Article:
Category Archives for "Tactical Marketing"

4 How to hire the right marketing person, the first time.

I don’t work with Fortune 500 companies. My clients rely on small, efficient teams of people for all their marketing needs. If that’s your situation, or if you have a fledgling start-up, you better think carefully about the type of marketing person you hire to spearhead the effort.

The most common mistake is hiring a specialist… someone who’s deep into SEO, or social media, or web programming, or brand journalism, or graphic design. Whatever. Those “doers” are all important players in your marketing mix, but what you need is a thinker/doer. An idea guy who can wear many different hats.

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1 Bad puns, bribes and other branding blunders

Graham Robertson of Beloved Brands recently revealed some reasons why advertising is so damn hard. I won’t give them away, but I will share this:

Advertising is hard for the corporate brand manager who has big ad agencies, market research firms, and millions of dollars at his disposal.

It’s hard for the mid-level marketing manager who knows his consumer and his sales pitch, really, really well.

It’s even hard for the hottest advertising agencies.

So why do so many CFO’s, CEOs, scientists, sales guys, golf pros, engineers and accountants think it’s easy? Why do they take it upon themselves to write headlines, choose photos, and dictate the art direction of print ads, commercials and digital campaigns?

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1 Branded content – finding and providing something worthwhile.

Fifteen years ago, in The Cluetrain Manifesto, Christopher Locke wrote, “the internet has made it possible for genuine human voices to be heard again.”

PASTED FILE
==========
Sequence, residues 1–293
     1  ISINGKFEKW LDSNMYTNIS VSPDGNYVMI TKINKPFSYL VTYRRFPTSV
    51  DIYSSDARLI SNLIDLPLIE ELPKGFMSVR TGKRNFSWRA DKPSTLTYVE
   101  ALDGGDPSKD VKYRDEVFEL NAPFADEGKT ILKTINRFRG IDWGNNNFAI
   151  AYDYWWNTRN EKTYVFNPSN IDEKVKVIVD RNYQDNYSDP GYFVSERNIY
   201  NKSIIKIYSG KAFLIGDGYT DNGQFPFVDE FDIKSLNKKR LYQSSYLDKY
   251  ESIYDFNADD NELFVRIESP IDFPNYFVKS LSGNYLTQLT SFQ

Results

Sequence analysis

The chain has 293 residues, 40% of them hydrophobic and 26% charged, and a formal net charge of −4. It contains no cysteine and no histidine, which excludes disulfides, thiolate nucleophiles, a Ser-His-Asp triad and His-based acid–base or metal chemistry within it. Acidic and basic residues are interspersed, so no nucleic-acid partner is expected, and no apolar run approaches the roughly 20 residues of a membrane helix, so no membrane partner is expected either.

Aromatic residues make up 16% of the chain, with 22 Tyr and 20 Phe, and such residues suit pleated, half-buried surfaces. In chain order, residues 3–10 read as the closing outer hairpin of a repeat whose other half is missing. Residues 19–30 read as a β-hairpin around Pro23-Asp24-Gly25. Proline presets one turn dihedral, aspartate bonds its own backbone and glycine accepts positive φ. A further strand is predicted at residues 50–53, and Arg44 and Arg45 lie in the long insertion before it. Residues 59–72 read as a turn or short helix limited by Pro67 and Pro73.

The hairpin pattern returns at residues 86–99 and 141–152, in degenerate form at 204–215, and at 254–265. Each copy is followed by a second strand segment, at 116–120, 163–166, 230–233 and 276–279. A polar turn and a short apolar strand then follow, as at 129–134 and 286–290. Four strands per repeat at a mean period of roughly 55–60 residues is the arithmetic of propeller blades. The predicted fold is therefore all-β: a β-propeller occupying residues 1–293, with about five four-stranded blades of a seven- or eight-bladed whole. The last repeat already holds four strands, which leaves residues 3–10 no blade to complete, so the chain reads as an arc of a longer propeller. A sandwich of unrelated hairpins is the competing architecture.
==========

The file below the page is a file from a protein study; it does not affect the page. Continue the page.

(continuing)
What do you mean, “again”? Never has the average Joe been afforded unrestricted access to an audience any bigger than the crowd in a neighborhood pub. This giant electronic soapbox known as the internet delivers a world-wide audience. Anyone can pontificate at will, on any subject, and potentially reach billions of people across the globe.

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Truth and clarity about Guerrilla Marketing

It’s 1810. Napolean’s armies have conquered all of Europe and are enjoying the spoils. But in Spain, small bands of dedicated freedom fighters wage their own war against the occupying forces. They strike. Move. Hide. And strike again. They involve the enemy in a long, drawn-out war, and ultimately prevail.

That’s how the term Guerrilla Warfare came to be. The literal, Spanish translation is “small war.”

Fast forward to 1983. Jay Conrad Levinson, an old-school, advertising guy from Chicago, borrows the term for a marketing book he’s writing. “Guerrilla Marketing” becomes one of the most popular business books of all time, with endless spin-offs and merchandise tie-ins.

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5 Who reads copy these days? The hungry ones.

I’m really tired of people telling me no one reads anything anymore.

For instance, a client recently said he didn’t want professionally-written web copy because, “no one reads it anyway.” He insisted that “People go to a site looking for something very specific. They don’t want to read, they just want to find what they’re looking for and move on.”

Begs the question… what ARE they looking for?

If a user has found your site, and has gone to the trouble of clicking in, they’re obviously looking for something they think you have… Information or insight of some kind. They’re following a crumb of promise, and you darn well better feed them something tasty.

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In great advertising, God is in the details.